An Editor’s Musings
From the Vineyard Gazette editions of September, 1982:
Autumn is when the earth’s tilt turns sidewise with respect to the sun. Light will fall equally on northern and southern hemispheres, with day and night parceled out impartially, share and share alike, on all parts of the earth. As to the experience of autumn, the matter is not easily resolved. Our Vineyard autumn, which is a variation of the New England autumn, has its own scent, flavor, sunrise, sunset and night sky full of stars. We have been living it again along with an unruly amount of fog. How can one see the daylight reek of the ponds, hot by day, chilled by night, when there is so much fog around? The reek, however, is a specialty of October, and we may expect to see it again when October comes.
The experience of autumn is not limited to walking in the changing wrap of the season, to view the colors of swamp maples, tupelo, sassafras, sumac and so on, that recurring annual marvel. Nor is it a deliberate or chance observation of lonely, orange-bright sunset and afterglow in a surprised sky. It is only slightly related to rain, fog and the hardy institution of the northeast gale.
Autumn cries aloud to be lived, though the cry is muted and lonely in its softness. A natural whisper at the time of the year is better than a bombardment at almost any other. The Vineyard remembers, though the busily preoccupied regions of the main do not, that autumn must be allowed to enter the bloodstream by way of lungs, vision and poems remembered from the third grade.
Elizabeth Coatsworth, poet and wife of Henry Beston who wrote The Outermost House, who with him visited the Vineyard one time when stormy weather interrupted a projected journey to Nantucket, wrote “The English landscape often seemed to have horizons that rolled down, most places having horizons that roll up and enclose them.“ Martha’s Vineyard was singled out by Nathaniel Southgate Shaler as having an Old World spring, and the poet’s observation raised the likelihood that we also have Old World horizons.
But just what does a rolled-down horizon look like? A rolled-down horizon is for everyone to test by repeated observation, but when seen from the South Beach on a clear day or moonlit night it seems to be one over which the observer can almost see beyond and down over the other side. As a matter of fact, a Vineyarder can at times see over the rolled-down horizon and discern the spires and elevations of Nantucket in luminous mist, though not — so far as any record goes — the chosen people of that neighboring Island going about their affairs in the streets.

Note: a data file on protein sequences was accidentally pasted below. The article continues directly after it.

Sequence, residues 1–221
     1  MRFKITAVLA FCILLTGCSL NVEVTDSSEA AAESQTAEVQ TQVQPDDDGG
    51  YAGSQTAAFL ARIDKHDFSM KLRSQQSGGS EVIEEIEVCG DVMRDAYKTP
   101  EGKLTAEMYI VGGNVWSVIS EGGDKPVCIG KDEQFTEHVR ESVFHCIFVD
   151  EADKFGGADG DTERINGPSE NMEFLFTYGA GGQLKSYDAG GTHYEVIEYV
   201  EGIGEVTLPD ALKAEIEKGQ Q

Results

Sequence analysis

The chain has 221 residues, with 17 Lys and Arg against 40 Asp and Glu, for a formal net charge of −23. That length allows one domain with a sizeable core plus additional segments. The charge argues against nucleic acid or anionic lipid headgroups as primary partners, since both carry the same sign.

There’s no older principle in fact of culture or economics or folklore. Tennyson wrote: “The old order changeth, yielding place to new.” Times change, no matter how the phrasing may go. Even in classified advertisements we have a summation of our changed and changing history.
The following notice appeared in the Vineyard Gazette in the year 1900.
“Farm For Sale in North Tisbury. On account of protracted ill health, the subscriber offers his farm for sale, near Indian Hill, 1/2 mile from State Road, consisting of 70 acres pasture, 7 meadow, and a small lot of wood land, entirely fenced with stone walls. House, of 8 rooms, in good repair. Barn 22 x 32, split stone cellar under whole. Workshop, two henhouses, wood-house, corn-house, and root cellar, separate from house. House piped for water from a never-failing spring 575 feet away, which never falls below a temperature of 36 degrees.
“Excellent place to keep sheep and poultry and to raise strawberries for market. Running brook through a part of the premises. Swamp suitable for cranberry bog, if desired.
“Farm well stocked with tools, consisting of farm wagons, mowing machine, plows, harrows, horse-hoes, cultivators, cider mill, and all the smaller tools which will be sold with the farm if desired. Good neighborhood. Three minutes walk to school.”
The following is a classified advertisement typical of the present day, made up from familiar items, descriptive terms, and so on, though not a copy of any actual notice.
“For Sale. West Tisbury, Indian Hill area. Attractive contemporary with view of Vineyard Sound. Four baths, fireplaces in 4 of 12 spacious rooms, cathedral ceilings, 3 maids rooms with two baths, spacious verandas on 3 sides, hardwood floors, large kitchen, all utilities underground. Two miles from public beach. Level acreage suitable for tennis courts. Two-car garage, brick patios, picnic area.”
Would we go back if we could? The temptation is certainly there: sheep, strawberries, cranberries, meadow, pasture, independence! But no, we wouldn’t go back if we could, and it is a plain fact of our modern standard of living that we couldn’t.
There’s really no moral, nothing but history.
Compiled by Eulalie Regan